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Wellness > Mental Health

Best Mental Health Apps For Your Needs

This article is written by a student writer from the Her Campus at Baylor chapter.

I see a therapist and psychiatrist. On the days I don’t meet with them, these apps have helped me regulate my poor habits, track my mood and remember that life can be a little simpler if I breathe a little more deeply. Sometimes, apps are a pain because you realize they don’t quite meet your needs and you already spent seven dollars on them. Hopefully, this article can help you find your mental health match. 

  1. Youper 

I personally use Youper every single day. It has a beautiful platform that is soothing to look at and has lots of options in their app that range from “Solving a Problem” to “Self-Esteem Awareness” for each day that aren’t overwhelming. I track my mood each morning and night to see where I start and end my day mood wise. Youper provides a pretty and colorful mood tracking graph for each month that you can look at to make a mental note of what your biggest struggles and strengths are. It is filled with insight on what makes you excited, angry and every other emotion in between as Youper gets to know you. It also has meditations, cognitive behavioral therapy where you can write your feelings down and work through them, and goals you can set for yourself. They will even send you a reminder to ask if you have completed the goal. Youper also has the ability to send medications to your door if that is something you would want or need.  

2. eMoods

If you struggle with bipolar or a generalized mood disorder, eMoods could be your best friend. It helped me track my medications when I was testing them out. It helped me remember which ones I had already been on and which ones worked or didn’t work for me. eMoods also tracks your mood and the events that caused it (if anything in particular did) so you can see where you get stuck and where you thrive. 

3. Headspace

Headspace is a meditation app. Personally, I use it for sleeping. They have soft “sleepcasts” that gently calm you down for the night. Headspace also has other kinds of meditations on gratitude, relationships and really anything you could be looking for. Additionally, Headspace has a “Move” element where you can watch a yoga session and follow along. Though you have to subscribe to this app, I feel it is definitely worth it if you have trouble with sleeping, anxiety and/or depression.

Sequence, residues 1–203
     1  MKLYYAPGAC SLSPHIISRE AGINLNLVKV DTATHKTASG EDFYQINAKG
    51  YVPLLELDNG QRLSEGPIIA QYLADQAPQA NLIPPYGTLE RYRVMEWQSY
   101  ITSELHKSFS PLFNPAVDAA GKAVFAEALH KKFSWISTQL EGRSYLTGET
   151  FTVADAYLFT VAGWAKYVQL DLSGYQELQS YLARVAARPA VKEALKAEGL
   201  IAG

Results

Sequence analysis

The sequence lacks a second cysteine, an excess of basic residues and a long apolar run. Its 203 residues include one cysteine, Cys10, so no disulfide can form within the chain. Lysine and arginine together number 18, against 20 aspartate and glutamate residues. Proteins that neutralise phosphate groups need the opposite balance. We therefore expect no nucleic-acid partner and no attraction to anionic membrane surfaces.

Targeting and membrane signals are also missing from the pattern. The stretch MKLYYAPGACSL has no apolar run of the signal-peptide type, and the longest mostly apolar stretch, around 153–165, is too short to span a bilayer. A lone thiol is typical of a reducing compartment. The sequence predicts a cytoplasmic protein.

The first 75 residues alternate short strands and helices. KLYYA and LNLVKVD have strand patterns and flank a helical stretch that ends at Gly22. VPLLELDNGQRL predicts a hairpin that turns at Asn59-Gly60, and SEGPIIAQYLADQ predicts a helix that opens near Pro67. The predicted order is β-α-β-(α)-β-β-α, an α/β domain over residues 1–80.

4. Flora

For my friends with ADHD or ADD, Flora is a great tool to keep you on track. It’s a timer on your phone that gives you an incentive to stay off of it for an period of time. The incentive is that if you stay off your phone for long enough, a real tree is planted in celebration of your accomplishments and the earth! You can also set a dollar amount that will be donated to environmental campaigns if you end up on your phone with time still on the clock. This helps me when I need to read chapters for school and I hope it can help you as well.

5. MyFitnessPal

It may not seem like a mental health app, however, MyFitnessPal works for people who have eating disorders to make sure you get the proper nutrients for the day. MyFitnessPal asks you to track your meals each day. You can also link it to your phone’s movement or an Apple Watch to track workouts and steps you take during the day. You can set up reminders to work out or to track your food intake. For those who have problems with overreporting their calorie intake in an unhealthy way, this app is not for you and I would be cautious using it. Overall, this app is great for myself, who has bulimia, as I tend to have fluctuating patterns of eating.

We all need help. Whether it be from a person or an app on your phone, getting stable and healthy is the main goal. Using applications on my phone has helped me greatly to keep track of my life as I go through it.

Cale Burnham

Baylor '22

Cale is a Baylor student studying psychology. She loves writing, volunteering, and being an advocate for those in need. In her free time, she likes to hike and play with her dog and cat. She prepares to pursue a graduate degree in clinical psychology.